Life @ U of T

Introduction

Self-care and slow down

Self-care and slow down

Filtered landscape photograph of a fountain in a park surrounded by banners shaped as wings
Early Morning Calmness

Self-care. This seems simple enough, doesn’t it? We’re all in university, we all know how to take care of ourselves—don’t we?

After the two months that I’ve had, I honestly don’t know. The past few months have been a journey for me to practice self-care and just slow down.

After going to school downtown with a massive student body, I’ve gotten used to the fast pace, being a face in the crowd, and the ever-disappointing, overstuffed subway. But just before school started this fall, I got a concussion and found myself preparing to enter the battle grounds of balancing 4 jobs and school under a whole new set of circumstances.

When I started getting my concussion symptoms I didn’t realize just how much my normal day-to-day routine was really not that normal. My usual quick 10-minute morning routine to get out the door was replaced with over-sleeping and endless symptoms. My daily routine was overwhelming me in ways I had never experienced before.

I didn’t want this concussion to set me back, so I tried to push myself when I needed to and then just rest at the end of the day. Needless to say, that did not work and I inevitably relapsed two weeks after: I had to put my blog posts on hold to take care of myself properly. I’m slowly working my way back, and I wanted to share bits and pieces of my experience with you as I’ve learned that self-care is needed (concussed or not) and that there are resources on campus that really can help. Here’s some of the tips I’ve learned in how to let some self-care into your life:

1. SLOW. DOWN.
Let that fast five-minute walk take ten: allow yourself to breathe and take in your surroundings. When my symptoms were at their worst, I noticed every little noise, every bright light. Allow yourself more time. The stimuli that we endure every day in this big city is honestly remarkable, so give yourself a break once in a while.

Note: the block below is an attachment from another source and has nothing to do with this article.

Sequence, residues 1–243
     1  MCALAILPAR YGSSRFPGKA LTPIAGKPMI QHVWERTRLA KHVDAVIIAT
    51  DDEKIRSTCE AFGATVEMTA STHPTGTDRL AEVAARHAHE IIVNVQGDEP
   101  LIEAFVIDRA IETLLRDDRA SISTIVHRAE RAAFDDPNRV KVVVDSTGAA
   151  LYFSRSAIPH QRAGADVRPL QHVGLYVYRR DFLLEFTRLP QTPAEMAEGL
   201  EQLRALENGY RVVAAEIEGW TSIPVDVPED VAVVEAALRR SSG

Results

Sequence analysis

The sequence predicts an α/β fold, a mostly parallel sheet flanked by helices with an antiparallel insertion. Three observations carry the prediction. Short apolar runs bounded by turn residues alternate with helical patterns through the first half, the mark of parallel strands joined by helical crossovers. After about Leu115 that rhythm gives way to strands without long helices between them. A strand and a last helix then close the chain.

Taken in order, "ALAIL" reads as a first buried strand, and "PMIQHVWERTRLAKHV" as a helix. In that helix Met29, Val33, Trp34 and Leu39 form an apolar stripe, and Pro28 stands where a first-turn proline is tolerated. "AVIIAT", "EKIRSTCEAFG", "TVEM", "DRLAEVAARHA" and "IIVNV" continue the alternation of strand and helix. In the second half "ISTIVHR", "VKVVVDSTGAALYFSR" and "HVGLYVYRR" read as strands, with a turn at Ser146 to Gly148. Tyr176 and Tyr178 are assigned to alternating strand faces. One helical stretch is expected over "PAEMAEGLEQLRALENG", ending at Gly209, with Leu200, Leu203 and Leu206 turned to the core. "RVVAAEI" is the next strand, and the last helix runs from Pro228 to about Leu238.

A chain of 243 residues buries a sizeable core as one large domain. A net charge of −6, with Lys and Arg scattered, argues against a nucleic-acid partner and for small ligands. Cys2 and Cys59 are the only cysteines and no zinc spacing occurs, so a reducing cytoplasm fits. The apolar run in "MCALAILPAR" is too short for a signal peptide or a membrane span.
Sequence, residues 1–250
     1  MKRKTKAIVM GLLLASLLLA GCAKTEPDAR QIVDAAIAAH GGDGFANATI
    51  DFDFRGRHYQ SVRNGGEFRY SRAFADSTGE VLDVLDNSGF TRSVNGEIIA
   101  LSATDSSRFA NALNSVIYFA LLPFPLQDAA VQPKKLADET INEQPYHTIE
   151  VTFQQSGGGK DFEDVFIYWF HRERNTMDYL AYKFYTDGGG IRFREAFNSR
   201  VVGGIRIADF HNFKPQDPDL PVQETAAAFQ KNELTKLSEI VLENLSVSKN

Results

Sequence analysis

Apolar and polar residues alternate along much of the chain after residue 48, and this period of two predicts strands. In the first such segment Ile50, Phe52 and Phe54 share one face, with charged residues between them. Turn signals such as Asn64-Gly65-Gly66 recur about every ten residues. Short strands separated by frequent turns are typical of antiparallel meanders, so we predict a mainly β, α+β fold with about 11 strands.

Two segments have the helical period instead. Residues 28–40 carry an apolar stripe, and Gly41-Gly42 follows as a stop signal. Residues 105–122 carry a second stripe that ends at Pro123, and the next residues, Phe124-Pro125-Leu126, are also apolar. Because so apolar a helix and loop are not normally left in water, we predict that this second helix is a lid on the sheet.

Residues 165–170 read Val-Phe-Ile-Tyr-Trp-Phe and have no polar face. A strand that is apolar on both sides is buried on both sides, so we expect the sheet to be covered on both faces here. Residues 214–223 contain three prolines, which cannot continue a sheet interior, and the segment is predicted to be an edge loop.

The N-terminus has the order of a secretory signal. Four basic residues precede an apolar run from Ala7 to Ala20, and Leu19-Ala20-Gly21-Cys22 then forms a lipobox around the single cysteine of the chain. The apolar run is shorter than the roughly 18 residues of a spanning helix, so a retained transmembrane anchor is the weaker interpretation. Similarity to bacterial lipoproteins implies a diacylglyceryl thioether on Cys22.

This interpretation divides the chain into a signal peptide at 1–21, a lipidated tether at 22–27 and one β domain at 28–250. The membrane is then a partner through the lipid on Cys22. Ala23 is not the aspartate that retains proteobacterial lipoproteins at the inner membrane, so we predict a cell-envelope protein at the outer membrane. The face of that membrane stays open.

2. SAY NO
This is something that I still am struggling with. If you are feeling run down or just can’t do something, sometimes the answer is: don’t! I pushed myself too many times to do things because I thought that’s what people wanted of me. I didn’t want my injury to get in the way of my obligations and responsibilities. But what I didn’t realize is that me not prioritizing myself and my health was really me getting in the way of my recovery.

3. TALK TO PROFS/REGISTRARS/FACULTY/DOCTORS
These. People. Are. Amazing. Before my semester began, I tried my best to mention my situation to my professors and I was surprised about their understanding and willingness to accommodate. I think because of how big our school is everyone feels as though they can’t speak to their profs. It’s not always true, but if you feel like it is in your situation, another option is to go through your registrar and ask them to speak on your behalf. I have found the most support from my registrar, and honestly don’t think my school experience would have turned around without her.

4. DON’T APOLOGIZE
Your injury or illness is not your fault. You don’t need to apologize for your need for accommodations or extra time. You need this and that is okay.

And lastly:
5. BE KIND TO YOURSELF.

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